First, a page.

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TDR2016-Latam Facts & Figures
Trade and Development Report 2016 - Latin America and The Caribbean Facts & Figures

Geneva, Switzerland, 21 September 2016

​Part I - Trends
• Latin American economy experiences a second consecutive year of stagnation and will probably contract (-0.2 per cent) in 2016. This is due mainly to weak economic performance in South America, where several countries (particularly Argentina, Brazil and Venezuela) have experienced falling levels of consumption and fixed capital formation. Tighter external conditions (including losses from the terms of trade) in 2015 led to fiscal retrenchment and exchange rate depreciation. The latter is being reversed in 2016, as net capital flows, after declining during 2015 (although remaining positive), rebounded in the first quarter of 2016 (Chart 1.3).
• In 2016, growth in Mexico (around 2.2 per cent) and the economies of Central America and the Caribbean (4.0 on average) will remain close to that of 2015. These economies were less affected (or even benefited) by changes in terms of trade. However, they may be affected by the deceleration in the United States and, in Mexico, the emphasis on fiscal consolidation will continue to dampen public investment (table 1.1).
• Investment rate in Latin America has been rather low, oscillating between 19 and 21 per cent of GDP in the last thirty years (compared to 25-26 per cent around 1980). As in most emerging economies, investment-to-profits ratio of non-financial corporations has declined in Brazil, Chile and Mexico. Instead, debt ratios have increased in Latin American countries, and also the financial assets-to-debt ratios, indicating higher levels of financialization, without it being translated into higher productive investment (table 5.3).

Part II – Industrialization and productivity growth have lost steam in Latin America since the 1980s
• Several Latin American countries have endured premature de-industrialization since the 1980s: unilateral trade opening, financial deregulation, regressive income redistribution and the retreat of the developmental State strongly affected manufacturing, whose share in employment and value added fell significantly (table 3.2).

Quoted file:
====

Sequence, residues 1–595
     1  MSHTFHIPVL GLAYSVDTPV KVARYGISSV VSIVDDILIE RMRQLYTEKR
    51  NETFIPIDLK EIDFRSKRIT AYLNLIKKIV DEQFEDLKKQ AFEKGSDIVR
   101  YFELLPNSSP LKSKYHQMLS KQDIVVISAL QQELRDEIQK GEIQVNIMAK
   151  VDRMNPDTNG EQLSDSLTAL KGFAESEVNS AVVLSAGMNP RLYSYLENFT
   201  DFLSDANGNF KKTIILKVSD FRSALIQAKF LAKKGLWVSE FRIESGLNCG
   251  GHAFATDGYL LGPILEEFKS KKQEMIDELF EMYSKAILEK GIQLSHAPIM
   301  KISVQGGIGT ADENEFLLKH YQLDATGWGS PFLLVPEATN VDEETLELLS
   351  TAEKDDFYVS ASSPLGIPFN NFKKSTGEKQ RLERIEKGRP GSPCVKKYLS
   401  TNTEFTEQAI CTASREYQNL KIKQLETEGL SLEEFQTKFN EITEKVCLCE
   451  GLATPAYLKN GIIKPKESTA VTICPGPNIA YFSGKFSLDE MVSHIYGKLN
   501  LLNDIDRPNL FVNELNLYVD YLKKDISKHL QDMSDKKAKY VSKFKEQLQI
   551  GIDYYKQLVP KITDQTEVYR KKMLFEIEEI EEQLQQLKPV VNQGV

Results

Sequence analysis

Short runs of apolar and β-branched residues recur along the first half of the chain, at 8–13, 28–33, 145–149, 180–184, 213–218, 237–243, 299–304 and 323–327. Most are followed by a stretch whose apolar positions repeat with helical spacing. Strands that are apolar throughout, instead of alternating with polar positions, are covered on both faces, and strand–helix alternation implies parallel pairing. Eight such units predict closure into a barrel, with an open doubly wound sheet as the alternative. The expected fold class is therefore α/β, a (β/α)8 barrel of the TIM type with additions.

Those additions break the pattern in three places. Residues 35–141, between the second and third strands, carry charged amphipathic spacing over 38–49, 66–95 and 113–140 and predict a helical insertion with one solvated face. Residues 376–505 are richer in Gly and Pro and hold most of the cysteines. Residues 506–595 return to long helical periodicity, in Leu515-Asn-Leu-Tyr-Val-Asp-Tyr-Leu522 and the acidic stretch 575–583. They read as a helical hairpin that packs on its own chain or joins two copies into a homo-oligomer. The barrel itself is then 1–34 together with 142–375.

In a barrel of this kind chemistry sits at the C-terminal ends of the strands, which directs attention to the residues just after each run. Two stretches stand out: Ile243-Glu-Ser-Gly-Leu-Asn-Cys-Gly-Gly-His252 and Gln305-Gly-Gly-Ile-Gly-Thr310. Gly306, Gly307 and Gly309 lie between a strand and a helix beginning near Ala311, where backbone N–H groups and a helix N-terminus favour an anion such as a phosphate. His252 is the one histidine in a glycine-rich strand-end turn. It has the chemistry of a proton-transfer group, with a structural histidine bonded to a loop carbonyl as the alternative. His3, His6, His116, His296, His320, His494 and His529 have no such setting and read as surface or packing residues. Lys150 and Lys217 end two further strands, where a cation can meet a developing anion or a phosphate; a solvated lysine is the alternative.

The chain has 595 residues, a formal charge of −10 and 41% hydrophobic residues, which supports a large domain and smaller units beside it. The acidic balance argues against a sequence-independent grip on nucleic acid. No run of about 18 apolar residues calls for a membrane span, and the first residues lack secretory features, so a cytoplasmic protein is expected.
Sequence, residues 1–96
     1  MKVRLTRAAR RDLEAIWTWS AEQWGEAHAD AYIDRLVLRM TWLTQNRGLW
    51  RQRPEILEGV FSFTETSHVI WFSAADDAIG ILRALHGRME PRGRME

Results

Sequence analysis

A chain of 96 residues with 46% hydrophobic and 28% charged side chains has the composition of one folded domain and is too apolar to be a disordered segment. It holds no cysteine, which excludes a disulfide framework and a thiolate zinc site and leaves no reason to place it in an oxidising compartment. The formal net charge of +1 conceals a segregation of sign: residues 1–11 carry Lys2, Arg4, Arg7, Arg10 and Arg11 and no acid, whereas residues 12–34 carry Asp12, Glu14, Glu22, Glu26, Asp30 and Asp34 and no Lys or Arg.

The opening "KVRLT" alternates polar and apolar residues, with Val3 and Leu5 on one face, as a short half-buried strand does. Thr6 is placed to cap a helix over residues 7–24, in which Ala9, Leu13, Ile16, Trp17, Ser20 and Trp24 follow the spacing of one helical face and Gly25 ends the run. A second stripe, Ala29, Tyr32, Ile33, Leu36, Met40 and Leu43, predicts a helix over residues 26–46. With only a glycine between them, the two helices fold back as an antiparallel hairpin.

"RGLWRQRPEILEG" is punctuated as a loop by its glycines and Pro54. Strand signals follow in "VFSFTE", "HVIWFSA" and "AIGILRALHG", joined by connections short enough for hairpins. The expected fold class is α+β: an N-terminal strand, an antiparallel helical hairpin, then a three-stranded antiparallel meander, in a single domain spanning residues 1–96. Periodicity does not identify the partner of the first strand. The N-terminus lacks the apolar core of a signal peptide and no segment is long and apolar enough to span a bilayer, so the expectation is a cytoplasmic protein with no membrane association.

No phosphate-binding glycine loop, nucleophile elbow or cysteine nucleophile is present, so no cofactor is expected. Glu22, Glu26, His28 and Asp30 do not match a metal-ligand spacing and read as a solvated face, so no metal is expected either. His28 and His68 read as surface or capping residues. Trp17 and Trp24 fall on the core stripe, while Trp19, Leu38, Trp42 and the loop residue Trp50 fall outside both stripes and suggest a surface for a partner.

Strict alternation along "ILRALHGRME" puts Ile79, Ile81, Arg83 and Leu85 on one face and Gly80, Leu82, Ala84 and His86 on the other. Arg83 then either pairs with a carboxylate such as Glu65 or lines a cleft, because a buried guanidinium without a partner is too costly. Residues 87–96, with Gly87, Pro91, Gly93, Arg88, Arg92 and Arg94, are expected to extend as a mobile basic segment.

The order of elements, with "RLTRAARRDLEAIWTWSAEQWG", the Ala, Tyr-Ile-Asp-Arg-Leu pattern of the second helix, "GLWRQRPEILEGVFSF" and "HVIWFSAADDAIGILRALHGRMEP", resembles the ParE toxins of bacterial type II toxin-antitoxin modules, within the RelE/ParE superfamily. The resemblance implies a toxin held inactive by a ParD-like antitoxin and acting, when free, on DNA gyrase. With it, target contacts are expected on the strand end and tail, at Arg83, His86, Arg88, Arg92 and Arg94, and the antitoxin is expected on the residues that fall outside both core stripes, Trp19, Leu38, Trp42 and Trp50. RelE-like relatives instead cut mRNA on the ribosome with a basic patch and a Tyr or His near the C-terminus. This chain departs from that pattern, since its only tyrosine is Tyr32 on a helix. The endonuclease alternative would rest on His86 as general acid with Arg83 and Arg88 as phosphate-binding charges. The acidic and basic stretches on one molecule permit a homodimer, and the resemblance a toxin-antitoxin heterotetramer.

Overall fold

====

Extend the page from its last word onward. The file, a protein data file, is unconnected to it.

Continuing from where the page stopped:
• A large share of the labour force leaving the agriculture was employed in low-productivity services rather than manufacturing or modern services, while the slowdown in GDP growth and declining investment ratios had a negative effect on within-sector productivity in the 1980s and 1990s. With few exceptions (e.g. Argentina between 2002 and 2010), manufacturing in Latin American countries could not expand simultaneously its productivity and its employment after 1980 (charts 3.3 and 3.4).
• Gross exports expanded notably, including in manufacturing, but this did not translate into faster manufacturing growth, because they did not generate enough production and knowledge linkages: much of the inputs for manufacturing exports are imported, meaning than net exports of manufacturing did not progress (charts 4.3 and 4.7).

Part III – Policy
• Turning more towards the regional market may offer important benefits. Intraregional exports (particularly in South America) consist mostly of manufactures and processed commodities; it thus has the potential to support industrialization and diversification (Table 4.1 and Chart 4.2).
• Adequate management of natural resources is essential: (i) net exports of primary commodities contribute to the foreign exchange earnings needed for financing capital goods imports; (ii) processing of domestically available raw materials and developing inputs for the primary sector would promote forward- and backward linkages between the primary sector and industry; (iii) capturing a fair share of primary rents provide resources to fund infrastructure investment and industrial policies; (iv) resources should be used with a long-term perspective, avoiding macroeconomic pro-cyclical policies and excessive currency appreciation.
• Strengthening the investment-profit nexus in important in all countries, so corporations re-invest profits into productive investments that generate jobs and growth. 
• Industrial policy should combine unless supportive macroeconomic policies ensure high levels of aggregate demand, high levels of investment and a stable and competitive exchange rate. It should seek to strengthen production and knowledge linkages and promote imported inputs substitution industrialization strategy (IISI) to cultivate domestic capabilities.